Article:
The weird thing is I’m not even sure I’ve had chicken paprikash before.
I’ve been sitting on this recipe for a while; a friend linked to it on Facebook and I went “Man, chicken paprikash, that sounds awesome,” and bookmarked it, and then went through a few weeks where we either weren’t cooking very much or were mostly cooking stuff we’ve made before, which I don’t tend to give any attention to.
Note that the recipe calls for, specifically, “sweet paprika.” At the time I was unaware that paprika had varieties. A bit of research (and reading the rest of the recipe) revealed that it also comes in Hot and Smoked flavors; the Hot and Sweet are specifically Hungarian in nature; if you’ve bought something just labeled “paprika” it was probably sweet paprika, as the hot variety tends to always be labeled as such.
For, as it turns out, a damn good reason.
Witness this exercise in understatement, ladies and gentlemen:
If you enjoy spicy food, try replacing half of the sweet paprika with hot Hungarian paprika.
Oh, well, hell. I’m not actually a huge fan of spicy, but I’ve been making a concerted effort to improve my palate in that area; I’ve gotten to the point where I can tolerate sriracha (and, more to the point, want sriracha) on, well, just about bloody everything. I can handle, barely, the hottest wings at hot wings places, although I’m not at the point where I can finish an eating challenge or anything like that.(*)
Anyway, I found proper paprikas after looking around a bit; I was proud enough of it that I took a picture of the cans. I sniffed them; the hot paprika honestly didn’t seem all that different from the sweet. At the time. So instead of two tablespoons of sweet paprika, as the recipe calls for, I used a tablespoon of sweet and a tablespoon of hot. It’s a goddamn Martha Stewart recipe. Isn’t she from goddamn Minnesota or something like that? She don’t know from spicy.
I didn’t realize what I’d done until tasting a fingertip’s worth of the sauce before I dropped the chicken into it. It’s got a nice delay on it; it takes a few seconds of man-that’s-not-hot-at-all and then you’re trying to find a cow.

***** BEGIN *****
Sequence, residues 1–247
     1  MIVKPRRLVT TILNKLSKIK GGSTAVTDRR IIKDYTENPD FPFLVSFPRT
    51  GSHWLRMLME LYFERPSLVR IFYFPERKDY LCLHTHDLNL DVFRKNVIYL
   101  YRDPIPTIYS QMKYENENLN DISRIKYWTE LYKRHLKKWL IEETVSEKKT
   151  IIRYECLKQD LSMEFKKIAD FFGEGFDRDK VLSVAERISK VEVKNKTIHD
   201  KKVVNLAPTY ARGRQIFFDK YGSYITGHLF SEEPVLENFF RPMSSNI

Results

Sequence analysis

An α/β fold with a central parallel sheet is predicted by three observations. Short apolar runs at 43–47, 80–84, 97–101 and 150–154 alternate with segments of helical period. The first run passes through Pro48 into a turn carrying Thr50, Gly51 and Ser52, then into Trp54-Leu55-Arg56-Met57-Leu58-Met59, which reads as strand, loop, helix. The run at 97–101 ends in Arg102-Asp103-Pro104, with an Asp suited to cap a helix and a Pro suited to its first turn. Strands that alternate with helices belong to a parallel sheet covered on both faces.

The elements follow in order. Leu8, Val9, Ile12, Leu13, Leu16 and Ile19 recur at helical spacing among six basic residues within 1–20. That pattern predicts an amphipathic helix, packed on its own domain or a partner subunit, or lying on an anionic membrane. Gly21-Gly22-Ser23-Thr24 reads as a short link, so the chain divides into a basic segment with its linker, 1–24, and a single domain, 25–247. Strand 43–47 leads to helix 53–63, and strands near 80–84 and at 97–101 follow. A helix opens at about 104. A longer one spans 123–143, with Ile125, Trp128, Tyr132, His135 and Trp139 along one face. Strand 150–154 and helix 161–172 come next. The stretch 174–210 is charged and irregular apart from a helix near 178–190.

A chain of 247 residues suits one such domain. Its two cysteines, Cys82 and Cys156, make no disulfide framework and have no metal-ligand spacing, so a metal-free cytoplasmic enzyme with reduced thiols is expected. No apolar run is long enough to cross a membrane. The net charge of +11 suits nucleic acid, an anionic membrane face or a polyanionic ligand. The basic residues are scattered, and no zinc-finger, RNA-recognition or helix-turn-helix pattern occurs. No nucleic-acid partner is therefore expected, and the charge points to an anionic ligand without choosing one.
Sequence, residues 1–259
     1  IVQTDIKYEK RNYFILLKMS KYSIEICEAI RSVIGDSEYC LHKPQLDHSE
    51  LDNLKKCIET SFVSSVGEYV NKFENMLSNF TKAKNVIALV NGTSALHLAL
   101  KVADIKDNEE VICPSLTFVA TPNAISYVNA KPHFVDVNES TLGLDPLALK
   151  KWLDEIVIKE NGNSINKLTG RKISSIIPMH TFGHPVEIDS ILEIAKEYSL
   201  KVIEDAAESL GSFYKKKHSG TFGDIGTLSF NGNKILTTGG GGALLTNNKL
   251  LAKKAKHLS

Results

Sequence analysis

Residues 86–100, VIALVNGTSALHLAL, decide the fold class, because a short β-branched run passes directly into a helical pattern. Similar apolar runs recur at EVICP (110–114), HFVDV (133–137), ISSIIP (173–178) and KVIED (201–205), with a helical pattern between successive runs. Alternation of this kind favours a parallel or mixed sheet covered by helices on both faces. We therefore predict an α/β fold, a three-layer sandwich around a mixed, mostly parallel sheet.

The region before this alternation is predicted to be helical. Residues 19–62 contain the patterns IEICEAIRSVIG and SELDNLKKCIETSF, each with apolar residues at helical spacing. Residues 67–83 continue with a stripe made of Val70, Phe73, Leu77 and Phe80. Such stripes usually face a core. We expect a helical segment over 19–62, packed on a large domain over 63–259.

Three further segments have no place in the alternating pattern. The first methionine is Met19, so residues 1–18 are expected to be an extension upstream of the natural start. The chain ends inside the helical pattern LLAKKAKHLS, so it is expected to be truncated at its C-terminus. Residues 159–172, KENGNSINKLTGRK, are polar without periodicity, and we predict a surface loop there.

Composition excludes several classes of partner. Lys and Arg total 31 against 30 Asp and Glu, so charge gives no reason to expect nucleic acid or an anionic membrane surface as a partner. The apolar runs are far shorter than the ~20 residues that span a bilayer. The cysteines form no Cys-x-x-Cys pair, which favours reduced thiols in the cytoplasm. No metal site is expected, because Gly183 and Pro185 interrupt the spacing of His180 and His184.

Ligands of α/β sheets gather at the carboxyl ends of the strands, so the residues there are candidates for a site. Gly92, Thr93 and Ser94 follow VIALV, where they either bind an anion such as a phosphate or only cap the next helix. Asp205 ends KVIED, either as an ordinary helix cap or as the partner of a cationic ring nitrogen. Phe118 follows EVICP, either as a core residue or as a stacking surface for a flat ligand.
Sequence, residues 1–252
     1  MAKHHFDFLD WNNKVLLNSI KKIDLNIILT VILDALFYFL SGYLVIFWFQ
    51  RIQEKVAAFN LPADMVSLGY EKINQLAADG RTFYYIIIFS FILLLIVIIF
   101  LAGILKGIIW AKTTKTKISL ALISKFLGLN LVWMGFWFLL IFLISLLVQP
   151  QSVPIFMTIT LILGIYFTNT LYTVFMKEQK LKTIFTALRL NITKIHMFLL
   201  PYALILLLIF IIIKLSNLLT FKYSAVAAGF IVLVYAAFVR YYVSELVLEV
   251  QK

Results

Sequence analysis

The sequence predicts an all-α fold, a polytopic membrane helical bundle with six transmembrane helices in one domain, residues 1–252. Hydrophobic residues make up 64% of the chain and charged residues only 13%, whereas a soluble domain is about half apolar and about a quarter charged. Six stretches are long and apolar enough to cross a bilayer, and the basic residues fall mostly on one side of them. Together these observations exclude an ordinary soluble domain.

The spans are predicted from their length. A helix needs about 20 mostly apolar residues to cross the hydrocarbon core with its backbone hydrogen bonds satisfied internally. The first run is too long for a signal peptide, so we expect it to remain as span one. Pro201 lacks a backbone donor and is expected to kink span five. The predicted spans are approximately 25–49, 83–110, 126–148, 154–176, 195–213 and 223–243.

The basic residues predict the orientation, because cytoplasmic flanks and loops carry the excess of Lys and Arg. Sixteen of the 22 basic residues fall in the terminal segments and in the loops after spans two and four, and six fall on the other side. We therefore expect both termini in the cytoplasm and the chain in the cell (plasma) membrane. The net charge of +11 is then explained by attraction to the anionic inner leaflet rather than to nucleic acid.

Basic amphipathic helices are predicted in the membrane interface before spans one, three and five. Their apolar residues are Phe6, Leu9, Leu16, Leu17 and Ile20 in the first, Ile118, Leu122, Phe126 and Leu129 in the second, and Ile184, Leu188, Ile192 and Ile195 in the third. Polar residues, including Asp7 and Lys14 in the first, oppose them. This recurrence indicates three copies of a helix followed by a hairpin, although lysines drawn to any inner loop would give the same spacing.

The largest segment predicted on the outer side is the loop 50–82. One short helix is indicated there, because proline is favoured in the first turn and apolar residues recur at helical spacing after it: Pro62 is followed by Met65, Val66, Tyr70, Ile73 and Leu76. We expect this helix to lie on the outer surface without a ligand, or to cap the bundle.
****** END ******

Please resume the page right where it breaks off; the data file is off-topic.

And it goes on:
Hot Hungarian paprika is no goddamn joke, people. I’ve made food that I tried to make super hot that didn’t come close to this shit. And there was only a tablespoon in there. Considering the amounts of cayenne and red pepper flakes that I’ve blithely tossed into chilis and pulled pork and, hell, my tikka masala, you’d think that basic food preparations would have lost the ability to kill me.
Neither of us could finish it. I ended up putting some sauce on the noodles along with a healthy dollop of additional sour cream and that made it pretty tasty and, well, edible, but I made four chicken breasts and right now two of them are in the fridge and I don’t think they’re going anywhere. This isn’t a “Man, lookit how I screwed up dinner this time!” post, really; I did everything right and the chicken was cooked properly– I just didn’t have any idea what a sonofabitch that hot paprika was going to be.
I cannot wait until the next time I make chili, though.
(*) Seriously TMI addendum: We went to BW3’s for dinner the other night, and I had about five of whatever they call their hottest wings. People joke about those hurting coming out. This, as it turns out, isn’t true. Eating super spicy hot wings does not sear as it comes out the next day. What it does, folks, is paralyze your asshole, numbing it to such a degree that being able to tell if you’re shitting or not is not actually possible. It is an incredibly odd feeling to go to the bathroom and then, ten minutes later, be standing in your living room and having to admit to yourself that it is entirely possible that you’re shitting yourself and you can’t tell. It is deeply goddamn unpleasant; I’d rather have pain.